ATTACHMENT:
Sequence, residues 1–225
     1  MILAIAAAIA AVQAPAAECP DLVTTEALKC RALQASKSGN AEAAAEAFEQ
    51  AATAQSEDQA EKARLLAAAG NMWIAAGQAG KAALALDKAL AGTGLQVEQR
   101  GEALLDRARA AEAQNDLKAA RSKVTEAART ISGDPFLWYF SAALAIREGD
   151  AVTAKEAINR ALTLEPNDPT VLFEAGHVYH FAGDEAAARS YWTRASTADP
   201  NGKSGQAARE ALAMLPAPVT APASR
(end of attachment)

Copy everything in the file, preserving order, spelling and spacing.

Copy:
Sequence, residues 1–225
     1  MILAIAAAIA AVQAPAAECP DLVTTEALKC RALQASKSGN AEAAAEAFEQ
    51  AATAQSEDQA EKARLLAAAG NMWIAAGQAG KAALALDKAL AGTGLQVEQR
   101  GEALLDRARA AEAQNDLKAA RSKVTEAART ISGDPFLWYF SAALAIREGD
   151  AVTAKEAINR ALTLEPNDPT VLFEAGHVYH FAGDEAAARS YWTRASTADP
   201  NGKSGQAARE ALAMLPAPVT APASR